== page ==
Stand Up for Cancer Research efforts (SU2C) have demonstrated how the hero inventor must be transformed into a more collaborative effort not only across disciplines but also across organizations. Instead of researchers striving to be singled out for a Nobel Prize, the need to digest a torrent of data and complex interactions mandates a different approach across research centers. How can leaders build teams, overcome turfdoms, and create collaboration to identify new opportunities and solve intricate problems?

Is Innovation Worth the Price?

Recognizing the fact that there is a cost associated with innovation, does not mean that the costs outweigh the benefits. The pay-off in market leadership, new business models, product introduction and extension, service to customers and personal significance more than compensate for the adopting the quest for innovation. Just because a lunch is not free, does mean that you forgo the meal. It can still be a delicious delight.

Breaking News! 50 Year Old CEO Found Sleeping in Crib!

By Mary Lippitt | May 31, 2011Organizational change, change management

I bet a few thoughts popped into your head when you read the title of this post.

  • What?!
  • Ridiculous!
  • Who in their right mind?
  • Err…how big was the crib?
  • Wait, I thought Charlie Sheen was in his 40’s?

A 50-year-old CEO sleeping in a crib is as ridiculous as a leader who insists there is no reason to change from the tried and true.

Organizations, like people, have a life cycle. Too often, leaders fail to correctly identify where they are in their organization life cycle and fail to make the adjustments necessary to accommodate changing circumstances, technology, competition and customer requirements; instead, clinging to one concept of leadership, a concept that no longer works.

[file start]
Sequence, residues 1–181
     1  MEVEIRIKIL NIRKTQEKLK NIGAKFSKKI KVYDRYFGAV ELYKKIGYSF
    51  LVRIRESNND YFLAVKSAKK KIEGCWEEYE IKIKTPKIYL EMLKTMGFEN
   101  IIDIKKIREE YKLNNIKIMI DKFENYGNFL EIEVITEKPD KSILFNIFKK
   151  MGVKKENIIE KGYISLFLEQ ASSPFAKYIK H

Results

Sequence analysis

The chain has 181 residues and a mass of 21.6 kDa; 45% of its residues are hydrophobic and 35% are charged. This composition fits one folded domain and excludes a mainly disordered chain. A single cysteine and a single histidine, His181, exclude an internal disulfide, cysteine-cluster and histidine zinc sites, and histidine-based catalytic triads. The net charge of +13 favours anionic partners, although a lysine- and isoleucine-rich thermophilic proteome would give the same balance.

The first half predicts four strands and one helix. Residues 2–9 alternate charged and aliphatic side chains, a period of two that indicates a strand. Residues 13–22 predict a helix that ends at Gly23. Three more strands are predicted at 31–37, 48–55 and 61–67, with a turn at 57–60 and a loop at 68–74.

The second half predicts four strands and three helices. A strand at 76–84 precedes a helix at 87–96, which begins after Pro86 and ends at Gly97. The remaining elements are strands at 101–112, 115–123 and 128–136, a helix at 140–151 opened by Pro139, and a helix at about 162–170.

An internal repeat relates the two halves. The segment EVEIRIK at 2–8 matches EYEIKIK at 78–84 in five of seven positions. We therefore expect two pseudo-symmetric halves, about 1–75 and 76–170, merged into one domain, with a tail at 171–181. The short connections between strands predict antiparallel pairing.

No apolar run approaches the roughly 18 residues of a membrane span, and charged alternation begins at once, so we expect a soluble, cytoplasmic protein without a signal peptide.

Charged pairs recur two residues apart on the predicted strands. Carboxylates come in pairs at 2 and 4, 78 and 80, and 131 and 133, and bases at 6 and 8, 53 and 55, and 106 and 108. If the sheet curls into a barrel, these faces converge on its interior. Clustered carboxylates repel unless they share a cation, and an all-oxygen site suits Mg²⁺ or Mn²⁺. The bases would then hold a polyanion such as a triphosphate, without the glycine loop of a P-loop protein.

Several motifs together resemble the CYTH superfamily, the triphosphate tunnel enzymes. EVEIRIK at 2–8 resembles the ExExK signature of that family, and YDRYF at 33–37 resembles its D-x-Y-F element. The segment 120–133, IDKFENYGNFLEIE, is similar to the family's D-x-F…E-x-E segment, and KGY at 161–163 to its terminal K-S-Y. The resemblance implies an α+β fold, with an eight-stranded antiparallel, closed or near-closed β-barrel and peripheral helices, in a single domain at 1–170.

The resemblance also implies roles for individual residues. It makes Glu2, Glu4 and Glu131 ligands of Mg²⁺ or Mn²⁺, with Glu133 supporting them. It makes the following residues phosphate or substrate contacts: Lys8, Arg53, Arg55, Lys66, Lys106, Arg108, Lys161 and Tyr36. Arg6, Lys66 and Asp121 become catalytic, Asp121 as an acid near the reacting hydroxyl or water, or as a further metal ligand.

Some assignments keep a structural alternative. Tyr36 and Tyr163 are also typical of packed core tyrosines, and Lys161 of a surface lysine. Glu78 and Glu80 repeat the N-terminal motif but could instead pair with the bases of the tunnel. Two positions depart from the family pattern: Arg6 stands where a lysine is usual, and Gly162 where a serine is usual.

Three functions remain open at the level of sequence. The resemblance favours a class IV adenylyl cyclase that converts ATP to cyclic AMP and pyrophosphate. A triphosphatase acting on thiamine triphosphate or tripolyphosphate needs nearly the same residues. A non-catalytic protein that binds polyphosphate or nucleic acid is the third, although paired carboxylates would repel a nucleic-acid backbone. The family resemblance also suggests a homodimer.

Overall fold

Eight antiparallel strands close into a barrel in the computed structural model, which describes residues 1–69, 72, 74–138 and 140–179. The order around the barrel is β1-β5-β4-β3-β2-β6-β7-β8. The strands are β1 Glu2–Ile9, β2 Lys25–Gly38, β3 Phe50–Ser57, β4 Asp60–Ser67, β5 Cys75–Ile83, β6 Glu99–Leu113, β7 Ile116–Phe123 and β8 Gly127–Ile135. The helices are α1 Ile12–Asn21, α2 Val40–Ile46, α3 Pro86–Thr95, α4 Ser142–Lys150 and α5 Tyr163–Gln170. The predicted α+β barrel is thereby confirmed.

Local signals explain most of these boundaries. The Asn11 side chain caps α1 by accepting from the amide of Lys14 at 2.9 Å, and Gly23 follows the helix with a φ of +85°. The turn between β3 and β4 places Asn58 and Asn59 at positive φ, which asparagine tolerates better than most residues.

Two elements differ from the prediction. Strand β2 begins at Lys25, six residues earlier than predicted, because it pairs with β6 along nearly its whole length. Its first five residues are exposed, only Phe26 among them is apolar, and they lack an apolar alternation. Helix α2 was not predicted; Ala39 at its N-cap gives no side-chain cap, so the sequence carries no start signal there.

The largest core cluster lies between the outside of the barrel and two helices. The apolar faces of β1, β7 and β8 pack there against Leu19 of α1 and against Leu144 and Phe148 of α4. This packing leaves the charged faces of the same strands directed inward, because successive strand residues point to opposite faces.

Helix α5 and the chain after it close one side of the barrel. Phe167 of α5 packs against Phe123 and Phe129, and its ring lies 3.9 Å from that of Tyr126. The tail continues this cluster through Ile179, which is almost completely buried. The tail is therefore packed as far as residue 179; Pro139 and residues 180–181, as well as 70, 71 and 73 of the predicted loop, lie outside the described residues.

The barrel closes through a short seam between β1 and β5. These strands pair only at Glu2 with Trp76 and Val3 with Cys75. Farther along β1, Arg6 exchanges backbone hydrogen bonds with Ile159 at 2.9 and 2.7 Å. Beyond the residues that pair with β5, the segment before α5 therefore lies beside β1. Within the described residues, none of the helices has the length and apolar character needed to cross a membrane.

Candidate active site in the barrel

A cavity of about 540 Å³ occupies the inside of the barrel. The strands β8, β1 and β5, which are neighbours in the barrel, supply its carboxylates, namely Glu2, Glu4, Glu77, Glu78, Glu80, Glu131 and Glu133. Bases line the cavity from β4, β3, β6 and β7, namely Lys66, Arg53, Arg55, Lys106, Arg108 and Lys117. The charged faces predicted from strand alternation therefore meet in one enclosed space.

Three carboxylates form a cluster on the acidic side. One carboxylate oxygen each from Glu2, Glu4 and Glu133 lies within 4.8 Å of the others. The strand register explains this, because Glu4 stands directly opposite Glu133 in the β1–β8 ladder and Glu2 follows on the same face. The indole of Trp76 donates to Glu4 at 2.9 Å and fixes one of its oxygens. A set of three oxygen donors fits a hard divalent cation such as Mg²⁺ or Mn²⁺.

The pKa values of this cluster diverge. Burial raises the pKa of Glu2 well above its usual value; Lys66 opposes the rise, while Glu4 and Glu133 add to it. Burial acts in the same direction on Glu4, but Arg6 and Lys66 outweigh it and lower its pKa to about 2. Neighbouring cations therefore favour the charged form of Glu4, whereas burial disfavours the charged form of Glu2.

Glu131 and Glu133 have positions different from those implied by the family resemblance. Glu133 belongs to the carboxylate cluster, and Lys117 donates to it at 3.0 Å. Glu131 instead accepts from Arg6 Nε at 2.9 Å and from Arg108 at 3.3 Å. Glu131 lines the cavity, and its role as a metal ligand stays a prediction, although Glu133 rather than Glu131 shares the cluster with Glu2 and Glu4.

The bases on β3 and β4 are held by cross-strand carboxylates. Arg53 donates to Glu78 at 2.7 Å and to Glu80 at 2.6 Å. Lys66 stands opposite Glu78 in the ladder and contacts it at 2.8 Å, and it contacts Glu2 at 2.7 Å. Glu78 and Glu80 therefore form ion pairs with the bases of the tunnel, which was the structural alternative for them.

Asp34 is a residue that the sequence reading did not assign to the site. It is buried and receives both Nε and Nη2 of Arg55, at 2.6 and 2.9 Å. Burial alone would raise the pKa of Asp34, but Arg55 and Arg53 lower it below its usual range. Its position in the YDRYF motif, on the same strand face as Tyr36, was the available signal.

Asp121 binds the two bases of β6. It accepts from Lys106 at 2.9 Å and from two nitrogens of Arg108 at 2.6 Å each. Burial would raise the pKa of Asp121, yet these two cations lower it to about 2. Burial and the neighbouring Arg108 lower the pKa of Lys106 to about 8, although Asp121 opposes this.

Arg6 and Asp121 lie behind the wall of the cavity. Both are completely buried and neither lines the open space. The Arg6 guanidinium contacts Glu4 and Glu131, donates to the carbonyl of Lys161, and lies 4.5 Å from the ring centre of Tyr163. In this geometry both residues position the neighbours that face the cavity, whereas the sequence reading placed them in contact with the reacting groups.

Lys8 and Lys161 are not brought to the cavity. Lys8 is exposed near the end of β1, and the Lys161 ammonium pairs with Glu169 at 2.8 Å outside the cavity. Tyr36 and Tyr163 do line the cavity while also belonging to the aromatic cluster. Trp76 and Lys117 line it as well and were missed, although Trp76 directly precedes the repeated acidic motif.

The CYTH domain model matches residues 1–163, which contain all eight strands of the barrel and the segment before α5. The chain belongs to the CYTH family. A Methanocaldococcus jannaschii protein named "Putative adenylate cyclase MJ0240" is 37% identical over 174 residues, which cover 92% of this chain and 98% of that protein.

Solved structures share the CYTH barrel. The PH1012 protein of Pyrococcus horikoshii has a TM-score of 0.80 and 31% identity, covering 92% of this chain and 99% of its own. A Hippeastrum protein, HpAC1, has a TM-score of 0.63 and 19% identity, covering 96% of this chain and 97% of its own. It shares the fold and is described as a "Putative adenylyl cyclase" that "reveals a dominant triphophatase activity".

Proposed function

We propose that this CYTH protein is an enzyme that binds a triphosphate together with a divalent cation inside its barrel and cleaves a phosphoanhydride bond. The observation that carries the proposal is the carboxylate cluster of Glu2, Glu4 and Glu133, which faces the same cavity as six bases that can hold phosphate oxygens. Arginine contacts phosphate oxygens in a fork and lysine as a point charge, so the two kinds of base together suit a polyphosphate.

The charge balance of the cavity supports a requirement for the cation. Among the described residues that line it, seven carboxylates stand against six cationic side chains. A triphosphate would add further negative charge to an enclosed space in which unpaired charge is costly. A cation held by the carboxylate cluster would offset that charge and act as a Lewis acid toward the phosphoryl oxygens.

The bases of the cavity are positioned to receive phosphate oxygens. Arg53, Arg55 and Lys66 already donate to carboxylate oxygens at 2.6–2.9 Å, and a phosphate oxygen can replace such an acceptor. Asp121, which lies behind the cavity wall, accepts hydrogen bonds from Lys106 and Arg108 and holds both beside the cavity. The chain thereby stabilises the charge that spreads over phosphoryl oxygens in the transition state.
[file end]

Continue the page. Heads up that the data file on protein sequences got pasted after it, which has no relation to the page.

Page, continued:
In so many areas of life, consistency is considered a benefit or virtue. Not so when you’re talking about leading today’s organization. The demands of a baby, much like the demands of a new business, necessitate a constant devotion and involvement to keep pace with changing requirements. Whether a parent adequately adjusts to the teenage years or a leader flexes to meet changing customer expectations, agility counts.  If an organization’s leader stays mired in tradition or a parent gets stuck in one parenting stage, the opportunity for evolutionary change is lost.  The only option left then is radical shifts.

Entrepreneurs are famous for being too “hands on” and end up resisting the natural growth of their firm. They miss the need for professionalism as part of the organization life cycle. Leaders of mature organizations make a similar mistake by refusing to see the need to reinvent their firm, product line or processes. Holding on too tightly to the past is a recipe for failure, much as trying to hold on to a college student can invite turmoil.

Change is often easier to identify in a child than in an organization. The child’s need for new clothes or their changing interests and preferred technology are obvious. Organizational change may not be as clear as the rising marks on a door frame or wall, but change is ongoing and leaders must identify it and adapt.

The impact of the recession has created a fixation with cost cutting, waste reducing, and redundancy hunting. While these methods likely paid-off for many firms, sticking to them over the long term is ill advised. Companies and leaders who have the ability to recognize the change in their organizations have the ability to lead that change and stay ahead of the curve.  Adopting a firefighting mode in a crisis mode appears heroic.  It isn’t, and it invites disaster.

Leaders need to recognize their organization life cycle and help guide the organization through the natural changes.  Shifting may be the antithesis of consistency, but it is the bedfellow of excellence.  Make sure your leaders do not dig in their heels and fail to see how cycles impact them, much like the toddler who is in the “no” phase.

What signals have you used to successfully identify where your organization is in its life cycle?